That troubling trend has some leaders wondering privately if the downturn in crime last year was an anomaly, while others are concerned if the trend continues Cincinnati will log its most murderous year since 2008. 

Through the end of June, 37 people were slain in Cincinnati, and if the current rate continues, the total could reach 74 by year’s end. In 2012, there was a total of 53 homicides. In 2008, 73 people were slain.

The all-time record of 89 was set in 2006.

“We haven’t hit those levels, but we’re approaching them,” said Interim Police Chief Paul Humphries. “We’re at a level now that everything is guns, and 20 years ago, it was a fist-fight on the corner where the winner went to jail and loser went to the hospital.

“Now, it’s over stuff that people didn’t shoot each other before – you looked at my girlfriend, you sat on my car.”

Serious Crime Is Down Overall

Serious crime reported to Cincinnati police , which include crimes of violence coupled with property crimes, is down by 6 percent during the first six months of this year compared to the first half of 2012. And over a two-year span, serious crime has dropped by 14 percent. 

But it's the crimes of violence  - homicide, rape, robbery and aggravated assaults – that grab headlines, lead evening newscasts and impact the public's perception of the safety of a city. 

The increase is a key focus of the Cincinnati Police Department. 

“This is not just the 'Spring spike,' it’s a trend now," Humphries said. "The thing you will see as long as I’m chief here is that our efforts are going to be deployed and designed around data analysis.

"This isn't going to be like 2003 when we send 50 cops into a neighborhood and arrest 100 people because of a spike in crime,'' he said.  “It does no good, I’m not picking a fight with our community, I’m going after bad guys.”

Procedural changes implemented earlier this month will change the way officers handle minor vehicle crashes, false alarm calls and offense reports. For instance, instead of filling out an accident report for every crash in which both vehicles are operable, officers may now file a crash report at their discretion.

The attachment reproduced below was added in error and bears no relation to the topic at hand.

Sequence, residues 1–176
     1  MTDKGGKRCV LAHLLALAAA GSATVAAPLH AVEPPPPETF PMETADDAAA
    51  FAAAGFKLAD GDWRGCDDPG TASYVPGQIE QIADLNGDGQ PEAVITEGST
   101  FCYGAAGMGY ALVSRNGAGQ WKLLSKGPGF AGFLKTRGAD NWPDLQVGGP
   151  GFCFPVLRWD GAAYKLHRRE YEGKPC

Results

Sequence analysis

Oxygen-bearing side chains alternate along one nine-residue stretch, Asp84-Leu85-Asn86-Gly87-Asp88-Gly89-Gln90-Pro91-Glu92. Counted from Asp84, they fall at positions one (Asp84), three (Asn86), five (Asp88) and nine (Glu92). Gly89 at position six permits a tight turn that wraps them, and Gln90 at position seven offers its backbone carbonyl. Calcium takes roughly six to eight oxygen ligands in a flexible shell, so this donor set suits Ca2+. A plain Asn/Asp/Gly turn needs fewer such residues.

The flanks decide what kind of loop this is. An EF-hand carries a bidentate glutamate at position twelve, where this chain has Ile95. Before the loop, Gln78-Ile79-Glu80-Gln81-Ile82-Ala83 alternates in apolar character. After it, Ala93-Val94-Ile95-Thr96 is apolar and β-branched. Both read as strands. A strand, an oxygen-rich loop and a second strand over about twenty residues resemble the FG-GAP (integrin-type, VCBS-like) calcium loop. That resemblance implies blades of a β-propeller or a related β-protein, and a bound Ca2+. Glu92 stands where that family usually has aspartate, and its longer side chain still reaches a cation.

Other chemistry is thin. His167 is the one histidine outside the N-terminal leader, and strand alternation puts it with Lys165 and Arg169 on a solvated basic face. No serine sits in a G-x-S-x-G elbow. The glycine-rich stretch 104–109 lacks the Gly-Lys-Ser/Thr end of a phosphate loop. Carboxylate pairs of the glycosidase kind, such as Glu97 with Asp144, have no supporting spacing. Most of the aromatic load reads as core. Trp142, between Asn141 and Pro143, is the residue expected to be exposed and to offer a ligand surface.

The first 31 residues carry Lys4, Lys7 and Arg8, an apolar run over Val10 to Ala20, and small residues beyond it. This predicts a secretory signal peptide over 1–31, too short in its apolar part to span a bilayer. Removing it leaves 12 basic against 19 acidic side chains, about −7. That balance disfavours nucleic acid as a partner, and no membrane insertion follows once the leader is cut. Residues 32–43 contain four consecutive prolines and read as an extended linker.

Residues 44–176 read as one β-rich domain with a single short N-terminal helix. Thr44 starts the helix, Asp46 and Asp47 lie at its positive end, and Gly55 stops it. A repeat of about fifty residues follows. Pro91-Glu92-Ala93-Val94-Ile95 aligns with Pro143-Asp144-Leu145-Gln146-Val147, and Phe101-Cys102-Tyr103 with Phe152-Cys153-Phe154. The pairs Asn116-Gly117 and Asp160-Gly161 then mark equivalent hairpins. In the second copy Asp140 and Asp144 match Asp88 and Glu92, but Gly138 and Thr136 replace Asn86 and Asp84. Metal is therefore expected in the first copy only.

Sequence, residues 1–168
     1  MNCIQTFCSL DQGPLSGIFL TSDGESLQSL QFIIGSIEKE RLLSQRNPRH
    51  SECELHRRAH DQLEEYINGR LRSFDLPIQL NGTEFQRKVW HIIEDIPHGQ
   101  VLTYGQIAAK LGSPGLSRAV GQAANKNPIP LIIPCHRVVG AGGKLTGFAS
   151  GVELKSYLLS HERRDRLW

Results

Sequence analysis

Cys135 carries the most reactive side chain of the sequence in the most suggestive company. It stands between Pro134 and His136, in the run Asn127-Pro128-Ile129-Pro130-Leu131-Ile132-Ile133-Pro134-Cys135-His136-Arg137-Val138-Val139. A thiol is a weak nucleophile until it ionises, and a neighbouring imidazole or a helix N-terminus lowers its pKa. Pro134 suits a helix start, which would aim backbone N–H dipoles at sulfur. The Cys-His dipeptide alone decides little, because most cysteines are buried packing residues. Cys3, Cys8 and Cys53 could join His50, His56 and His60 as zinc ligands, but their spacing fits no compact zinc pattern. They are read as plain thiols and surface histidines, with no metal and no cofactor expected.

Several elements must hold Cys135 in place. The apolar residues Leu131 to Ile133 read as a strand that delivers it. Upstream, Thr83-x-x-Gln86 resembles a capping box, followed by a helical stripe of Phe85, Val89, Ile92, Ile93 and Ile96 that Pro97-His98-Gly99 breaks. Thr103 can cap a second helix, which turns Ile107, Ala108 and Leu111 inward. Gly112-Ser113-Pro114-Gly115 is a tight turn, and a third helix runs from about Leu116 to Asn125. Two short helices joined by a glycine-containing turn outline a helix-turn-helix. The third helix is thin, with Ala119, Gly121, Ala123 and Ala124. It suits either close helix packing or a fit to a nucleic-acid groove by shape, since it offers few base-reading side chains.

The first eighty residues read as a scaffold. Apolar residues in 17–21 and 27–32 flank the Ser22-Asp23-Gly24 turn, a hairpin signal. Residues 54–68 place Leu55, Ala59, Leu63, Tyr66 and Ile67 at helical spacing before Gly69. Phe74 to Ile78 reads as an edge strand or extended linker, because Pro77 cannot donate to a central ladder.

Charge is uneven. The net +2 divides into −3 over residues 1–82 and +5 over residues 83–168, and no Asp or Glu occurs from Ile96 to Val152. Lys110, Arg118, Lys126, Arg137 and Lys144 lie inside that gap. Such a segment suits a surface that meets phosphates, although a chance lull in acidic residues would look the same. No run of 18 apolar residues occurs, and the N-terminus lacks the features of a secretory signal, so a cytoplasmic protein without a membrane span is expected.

The hope is to free up 15,000 to 18,000 officer hours to focus them on fighting violent crime, Humphries said.

“That wasn’t simply because we said ‘we have a lot of auto accidents and we don’t really need to go,’” Humphries said. “I have a finite amount of cops, and limited resources and how do I apply those resources to address what is facing our city right now, which is violent crime.

“I need to need to free up some time.”


John Hendrix is accused of shooting a man just after 6 p.m. Wednesday on in the rear of a property located at 169 Kinsey Ave., according to Lt. Maris Herold with the Cincinnati Police Department.
Kareem Elgazzar | WCPO Digital

 

'Pitbull On a Bone'

Crime statistics show the number of this year's trend is comparable with the 67 slayings recorded in 2011 and the 72 killings recorded in 2010 and that 2012 may have been an anomaly. 

This year has been busy for the city's 16 homicide investigators, who work in teams of two.

“We’re asked to do more with less, we have to be as efficient as possible,” said Homicide Unit Lt. Bridget Bardua, adding she did not know why 2012 was a low year for homicides.

In April and May the homicide unit investigated 16 homicides over an eight-week span. At one point from May 20 to 27, the unit opened five new homicide investigations. 

“These guys are like a pitbull on a bone, they treat all cases equally,” Bardua said. “The first hours after a homicide are the most crucial, even if that means my guys stay on for 36 to 40 hours straight. They will stay on and exhaust all possible leads before slowing down the investigation.”

Detectives have managed a 55 percent clearance rate this year, which is slightly better than last year. A homicide is considered cleared when a suspect has been arrested or charged. A homicide is also considered clear if the suspect dies or if the prosecutor declines to accept a case for prosecution. 

Humphries said the department is exploring new equipment for the department's crime scene investigators, who piece together physical evidence. He declined to offer specific details. 

“We are looking at staffing across city units, but I need to see how the differential response [procedural changes] shake out and see if there’s a way I can pluck a couple of cops and move them around,” Humphries said.

Where Cincinnati Homicides Occurred

During the first six months of 2013, Cincinnati Police District 3 recorded the most homicides and had closed the most cases. Hover over each crime for details of the victims and status of the case in this interactive graphic. 

(Mobile users use this link to access graphic:  http://public.tableausoftware.com/views/2013crime/DistrictBreakdown?:embed=y&:display_count=no

Serious crime reported to police in the Central Business District was down by 31 percent compared to last year, but reports of violent crimes were up 16 percent.

Driving the violent crime numbers were aggravated assaults. There was a 200 percent increase compared to last year, 12 this year compared to four.

Burglary, auto thefts, personal thefts and thefts from vehicles have drastically reduced and CBD District Capt. Paul Broxterman credits a more enhanced police presence downtown.